Politics, Social Theory, History of Ideas
Symbols and Legitimacy in Soviet Politics
| HB | 362 Pages
Publisher: Cambridge University Press
Available for: SAARC Countries only
Symbols and Legitimacy in Soviet Politics analyses the way in which Soviet symbolism and ritual changed from the regime's birth in 1917 to its fall in 1991. Graeme Gill focuses on the symbolism in party policy and leaders' speeches, artwork and political posters, and urban redevelopment, and on ritual in the political system. He shows how this symbolism and ritual were worked into a dominant metanarrative which underpinned Soviet political development. Gill also shows how, in each of these spheres, the images changed both over the life of the regime and during particular stages: the Leninist era metanarrative differed from that of the Stalin period, which differed from that of the Khrushchev and Brezhnev periods, which was, in turn, changed significantly under Gorbachev. In charting this development, the book lays bare the dynamics of the Soviet regime and a major reason for its fall.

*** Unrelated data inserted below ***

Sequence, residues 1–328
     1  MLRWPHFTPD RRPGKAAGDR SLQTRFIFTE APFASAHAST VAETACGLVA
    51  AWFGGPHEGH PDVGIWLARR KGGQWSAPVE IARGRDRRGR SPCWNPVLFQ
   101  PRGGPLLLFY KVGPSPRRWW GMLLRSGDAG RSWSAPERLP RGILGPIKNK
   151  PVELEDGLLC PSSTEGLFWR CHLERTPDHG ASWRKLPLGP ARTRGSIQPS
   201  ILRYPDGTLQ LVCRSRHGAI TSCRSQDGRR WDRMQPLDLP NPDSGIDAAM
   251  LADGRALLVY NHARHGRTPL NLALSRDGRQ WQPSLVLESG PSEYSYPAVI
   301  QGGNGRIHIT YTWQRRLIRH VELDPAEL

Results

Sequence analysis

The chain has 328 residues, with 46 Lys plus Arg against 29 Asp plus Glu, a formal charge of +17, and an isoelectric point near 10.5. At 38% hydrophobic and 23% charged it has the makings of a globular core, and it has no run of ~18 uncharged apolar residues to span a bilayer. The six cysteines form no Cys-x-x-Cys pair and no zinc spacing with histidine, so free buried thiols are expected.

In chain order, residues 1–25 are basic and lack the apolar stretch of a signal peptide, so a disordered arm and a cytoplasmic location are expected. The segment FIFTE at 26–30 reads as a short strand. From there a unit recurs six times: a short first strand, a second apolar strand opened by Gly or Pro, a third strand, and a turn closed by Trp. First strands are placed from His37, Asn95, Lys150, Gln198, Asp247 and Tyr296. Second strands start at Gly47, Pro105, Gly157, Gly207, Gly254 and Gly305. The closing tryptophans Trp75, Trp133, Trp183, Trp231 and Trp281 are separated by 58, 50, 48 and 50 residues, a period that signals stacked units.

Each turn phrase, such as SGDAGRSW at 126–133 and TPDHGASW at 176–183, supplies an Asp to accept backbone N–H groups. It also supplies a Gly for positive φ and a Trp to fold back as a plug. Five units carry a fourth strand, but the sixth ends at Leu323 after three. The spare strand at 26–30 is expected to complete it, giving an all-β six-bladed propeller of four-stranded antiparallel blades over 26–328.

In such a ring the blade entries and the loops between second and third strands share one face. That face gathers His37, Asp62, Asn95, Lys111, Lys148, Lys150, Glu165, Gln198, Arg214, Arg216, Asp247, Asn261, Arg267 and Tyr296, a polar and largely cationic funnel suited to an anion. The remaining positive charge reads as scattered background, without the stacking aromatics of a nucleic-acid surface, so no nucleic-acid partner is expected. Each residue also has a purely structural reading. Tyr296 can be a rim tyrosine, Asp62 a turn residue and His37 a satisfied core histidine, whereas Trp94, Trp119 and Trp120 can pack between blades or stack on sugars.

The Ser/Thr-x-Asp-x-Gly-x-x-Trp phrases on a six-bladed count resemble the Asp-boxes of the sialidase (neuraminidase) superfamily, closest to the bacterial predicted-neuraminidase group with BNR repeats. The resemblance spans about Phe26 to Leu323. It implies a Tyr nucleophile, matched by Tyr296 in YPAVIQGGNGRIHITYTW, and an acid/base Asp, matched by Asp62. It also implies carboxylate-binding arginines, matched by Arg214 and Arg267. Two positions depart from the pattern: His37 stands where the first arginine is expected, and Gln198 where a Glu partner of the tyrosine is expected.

1. Ideology, metanarrative and myth
2. Formation of the metanarrative, 1917–1929
3. The Stalinist culture, 1929–1953
4. An everyday vision, 1953–1985
5. The vision implodes, 1985–1991
6. Impact of the metanarrative.
Graeme Gill, University of Sydney